Dentsu Aegis Network AUNZ CEO Simon Ryan tells AdNews the media agency group is closely monitoring the situation and has ongoing discussion with clients as a matter of course.

"As programmatic advertising continues to grow, we need to be ever vigilant and responsive, working with clients and partners to ensure brand advertising only appears in brand safe environments," Ryan says. "We continually review our practices in this area and monitor the situation to ensure we act as required now and in the future. 

"We have ongoing discussions with our clients around brand safety as a matter of course, not simply as a reaction to the recent media reports. As an organisation we conduct extensive work with our clients to develop brand safety protocols at the brand level, which will positively influence all their activities."

Ryan says it is the responsibility of agencies, publishers and clients to collaboratively ensure brand advertising safety. This involves reviewing the latest technology in the marketplace.

"As an organisation we conduct extensive work with our clients to develop brand safety protocols at the brand level, which will positively influence all their activities." 

Publicis Media reviews Google relationship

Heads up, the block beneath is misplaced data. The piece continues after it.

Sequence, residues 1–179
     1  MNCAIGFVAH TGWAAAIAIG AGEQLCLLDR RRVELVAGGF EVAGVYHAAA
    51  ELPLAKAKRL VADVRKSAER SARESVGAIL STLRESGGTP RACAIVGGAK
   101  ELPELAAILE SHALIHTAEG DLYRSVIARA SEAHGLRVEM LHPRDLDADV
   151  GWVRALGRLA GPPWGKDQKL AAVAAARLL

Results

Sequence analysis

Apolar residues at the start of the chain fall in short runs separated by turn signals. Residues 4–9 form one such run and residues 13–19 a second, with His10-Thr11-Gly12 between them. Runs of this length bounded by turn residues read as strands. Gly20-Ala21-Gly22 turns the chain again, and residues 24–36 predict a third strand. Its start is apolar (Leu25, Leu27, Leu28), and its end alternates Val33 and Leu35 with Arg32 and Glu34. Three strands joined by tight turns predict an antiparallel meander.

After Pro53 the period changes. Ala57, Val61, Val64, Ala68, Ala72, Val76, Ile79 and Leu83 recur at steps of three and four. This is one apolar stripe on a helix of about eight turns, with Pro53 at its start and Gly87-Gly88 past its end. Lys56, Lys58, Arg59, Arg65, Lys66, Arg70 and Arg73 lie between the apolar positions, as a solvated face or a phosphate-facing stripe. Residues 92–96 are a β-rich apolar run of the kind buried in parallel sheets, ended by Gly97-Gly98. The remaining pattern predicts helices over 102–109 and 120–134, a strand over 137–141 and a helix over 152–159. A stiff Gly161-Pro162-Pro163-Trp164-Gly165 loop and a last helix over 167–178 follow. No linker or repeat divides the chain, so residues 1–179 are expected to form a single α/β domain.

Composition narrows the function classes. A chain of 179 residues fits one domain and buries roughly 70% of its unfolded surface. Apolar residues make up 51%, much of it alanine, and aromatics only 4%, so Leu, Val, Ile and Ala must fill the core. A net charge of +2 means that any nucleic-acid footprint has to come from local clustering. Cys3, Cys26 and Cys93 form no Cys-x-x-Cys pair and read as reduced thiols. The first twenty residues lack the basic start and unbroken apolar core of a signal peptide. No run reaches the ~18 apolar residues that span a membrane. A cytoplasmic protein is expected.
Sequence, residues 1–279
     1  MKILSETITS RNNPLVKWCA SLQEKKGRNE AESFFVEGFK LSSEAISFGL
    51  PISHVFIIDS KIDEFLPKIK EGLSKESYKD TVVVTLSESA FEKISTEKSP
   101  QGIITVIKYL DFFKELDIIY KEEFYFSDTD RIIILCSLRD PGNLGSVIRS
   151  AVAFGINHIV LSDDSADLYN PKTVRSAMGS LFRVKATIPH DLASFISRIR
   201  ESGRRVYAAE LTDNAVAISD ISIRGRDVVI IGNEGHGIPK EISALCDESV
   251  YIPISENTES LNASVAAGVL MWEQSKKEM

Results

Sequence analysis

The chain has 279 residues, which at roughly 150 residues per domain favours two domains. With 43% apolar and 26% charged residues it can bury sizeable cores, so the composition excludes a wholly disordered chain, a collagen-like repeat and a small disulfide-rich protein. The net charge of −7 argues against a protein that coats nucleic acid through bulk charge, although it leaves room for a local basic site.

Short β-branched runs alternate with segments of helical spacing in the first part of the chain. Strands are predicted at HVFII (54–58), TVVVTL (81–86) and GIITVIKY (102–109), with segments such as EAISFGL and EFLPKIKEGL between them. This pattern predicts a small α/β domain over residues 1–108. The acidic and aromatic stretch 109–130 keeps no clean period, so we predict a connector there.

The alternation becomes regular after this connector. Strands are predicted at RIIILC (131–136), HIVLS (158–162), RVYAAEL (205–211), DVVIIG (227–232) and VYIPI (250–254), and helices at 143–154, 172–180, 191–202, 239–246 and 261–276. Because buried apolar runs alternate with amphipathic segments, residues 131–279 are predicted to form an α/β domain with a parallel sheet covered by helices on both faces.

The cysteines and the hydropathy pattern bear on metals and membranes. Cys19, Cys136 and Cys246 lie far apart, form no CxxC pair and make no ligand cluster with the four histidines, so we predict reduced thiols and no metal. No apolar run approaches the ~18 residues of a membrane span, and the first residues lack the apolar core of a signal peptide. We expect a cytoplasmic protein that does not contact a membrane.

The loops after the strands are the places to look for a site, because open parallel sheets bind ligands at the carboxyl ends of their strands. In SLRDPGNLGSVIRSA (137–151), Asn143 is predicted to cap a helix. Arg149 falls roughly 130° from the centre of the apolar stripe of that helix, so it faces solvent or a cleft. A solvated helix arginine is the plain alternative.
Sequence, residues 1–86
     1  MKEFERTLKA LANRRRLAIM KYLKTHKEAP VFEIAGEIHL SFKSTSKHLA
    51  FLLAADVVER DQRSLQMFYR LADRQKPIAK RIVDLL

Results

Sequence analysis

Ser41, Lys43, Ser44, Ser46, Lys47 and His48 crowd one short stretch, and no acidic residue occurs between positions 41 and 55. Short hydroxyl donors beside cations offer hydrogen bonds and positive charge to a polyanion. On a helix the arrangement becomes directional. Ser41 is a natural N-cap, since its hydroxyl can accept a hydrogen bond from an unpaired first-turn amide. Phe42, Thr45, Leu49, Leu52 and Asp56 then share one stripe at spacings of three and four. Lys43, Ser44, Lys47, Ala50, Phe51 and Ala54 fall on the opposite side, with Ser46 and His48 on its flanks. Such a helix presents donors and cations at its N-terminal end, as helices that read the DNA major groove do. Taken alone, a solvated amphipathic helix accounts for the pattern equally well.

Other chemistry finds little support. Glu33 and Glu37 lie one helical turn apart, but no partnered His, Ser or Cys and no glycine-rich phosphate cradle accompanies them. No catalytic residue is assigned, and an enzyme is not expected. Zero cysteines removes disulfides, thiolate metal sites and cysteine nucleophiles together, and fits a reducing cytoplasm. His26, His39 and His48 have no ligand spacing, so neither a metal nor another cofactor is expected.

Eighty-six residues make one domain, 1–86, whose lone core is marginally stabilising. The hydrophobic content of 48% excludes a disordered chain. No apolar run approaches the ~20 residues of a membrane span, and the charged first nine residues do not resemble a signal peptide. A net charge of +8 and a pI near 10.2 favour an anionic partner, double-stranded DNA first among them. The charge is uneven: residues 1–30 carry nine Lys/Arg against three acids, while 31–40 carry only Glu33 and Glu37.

Publicis Media says that Google has "fallen short" of the brand safety standards it holds publishers accountable to.

In a statement, Publicis Groupe's buying arm says: "Publicis Media is committed to being at the forefront of rigorous brand safety, viewability and verification standards and protocols.

"We hold all publishers, including Google and YouTube, accountable to ensure that the highest standards of advertising are consistently met. Clearly, Google has fallen short of these standards. We are reviewing how we work with them moving forward."  

UK government wants assurances

On Friday, the UK government warned Google it was responsible for ensuring its ads were placed against appropriate content.

“We have placed a temporary restriction on our YouTube advertising pending reassurances from Google that government messages can be delivered in a safe and appropriate way,” a government spokesperson said.